Craig Morrison (James Cromwell) is a sturdy, stubborn, and practical octogenarian who decides to build a house for his Alzheimer’s-afflicted wife Irene (Geneviève Bujold). He wants to finish the framing so he and Irene can grow old in the same house together, without endangering her fragile health. Hampered by local building regulations and no support from his immediate family the simple task becomes an epic endevour for a proud and directed fellow. Based on the true events the movie is slow and meticulously crafted as it plays out a story of old traditions versus new rules, youth versus decrepitude, and loving denial versus responsible acceptance. Marvelous performances from the main characters and would not be surprised if there are Oscar nominations for Still Mine.

Wednesday, May 15, 2013

We Steal Secrets - The Story of WikiLeaks

Director: Alex Gibney

A long documentary about Julian Assange and the rise and fall of WikiLeaks. Much use is made of old footage and archived materials and the documentary does not engage Assange et al directly. Hence the film lurches awkwardly between basic infotainment concerns and a sharper political agenda. Gibney ponders on whether Assange was a righteous whistle-blower or self promotional egotist? The director seems to prefer the latter and aligns his sympathies more with Bradley Manning, the young soldier arrested for sharing damaging military documents with WikiLeaks. At best the documentary highlights the potential of WikiLeaks as a beacon of truth but at the same time demonstrates the complexities in this practice.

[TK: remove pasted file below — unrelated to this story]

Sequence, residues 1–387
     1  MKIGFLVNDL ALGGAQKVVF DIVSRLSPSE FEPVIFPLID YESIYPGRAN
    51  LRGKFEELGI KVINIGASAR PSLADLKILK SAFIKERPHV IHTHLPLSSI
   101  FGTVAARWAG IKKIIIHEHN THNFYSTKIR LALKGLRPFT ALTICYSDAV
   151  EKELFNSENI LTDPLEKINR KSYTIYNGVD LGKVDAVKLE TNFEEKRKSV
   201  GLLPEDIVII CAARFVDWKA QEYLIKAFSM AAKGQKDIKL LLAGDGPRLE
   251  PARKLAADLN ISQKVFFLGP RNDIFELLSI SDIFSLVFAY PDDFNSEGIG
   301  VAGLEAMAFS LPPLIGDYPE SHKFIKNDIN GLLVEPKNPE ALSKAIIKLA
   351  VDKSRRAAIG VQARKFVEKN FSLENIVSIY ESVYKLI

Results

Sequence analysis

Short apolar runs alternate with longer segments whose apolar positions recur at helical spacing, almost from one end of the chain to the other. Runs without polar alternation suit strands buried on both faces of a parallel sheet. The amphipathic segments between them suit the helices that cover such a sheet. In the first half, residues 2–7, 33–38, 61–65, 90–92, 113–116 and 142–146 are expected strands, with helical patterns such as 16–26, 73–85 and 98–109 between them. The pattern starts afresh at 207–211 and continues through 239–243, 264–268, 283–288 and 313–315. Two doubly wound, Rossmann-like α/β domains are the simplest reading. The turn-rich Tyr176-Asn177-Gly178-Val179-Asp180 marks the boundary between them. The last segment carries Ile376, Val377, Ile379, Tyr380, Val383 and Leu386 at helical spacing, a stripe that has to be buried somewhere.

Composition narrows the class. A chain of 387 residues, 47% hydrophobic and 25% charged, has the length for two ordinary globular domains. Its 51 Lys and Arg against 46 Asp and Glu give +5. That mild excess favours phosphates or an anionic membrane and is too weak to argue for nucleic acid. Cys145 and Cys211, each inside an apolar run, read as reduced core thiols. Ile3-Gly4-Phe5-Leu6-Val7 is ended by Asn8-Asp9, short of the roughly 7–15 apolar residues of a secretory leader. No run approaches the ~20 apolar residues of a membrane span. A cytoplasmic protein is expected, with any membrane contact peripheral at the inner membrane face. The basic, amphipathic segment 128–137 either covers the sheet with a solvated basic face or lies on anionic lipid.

Thursday, May 9, 2013

A Haunted House

Director: Michael Tiddes

Starring: Marlon Wayans, Essence Atkins, Cedric the Entertainer, David Koechner, Nick Swardson, J.B. Smoove.

Two young folks Malcolm (Marlon Wayans) and Kisha (Essence Atkins)are haunted by an unseen ghost after they set up home together. When things get weird Malcolm (Marlon Wayans) with the help of his hapless brother (Dave Sheridan ) and a quirky security-camera installer (David Koechner ) use the house cameras to track the spooks. As it becomes apparent there are supernatural forces at work eventually they seek assistance from the psychic Chip (Nick Swardson) and priest (Cedric the Entertainer). To give plenty opportunity for smuttyness Malcolm and and Kisha have friends (Alanna Ubach and Andrew Daly), who are swingers. Plenty purile sex jokes and fart gags for the younger teenager, otherwise less than spectacular.

Wednesday, May 8, 2013

The Reluctant Fundamentalist

Director: Mira Nair

Starring: Riz Ahmed, Kiefer Sutherland, Kate Hudson, Liev Schreiber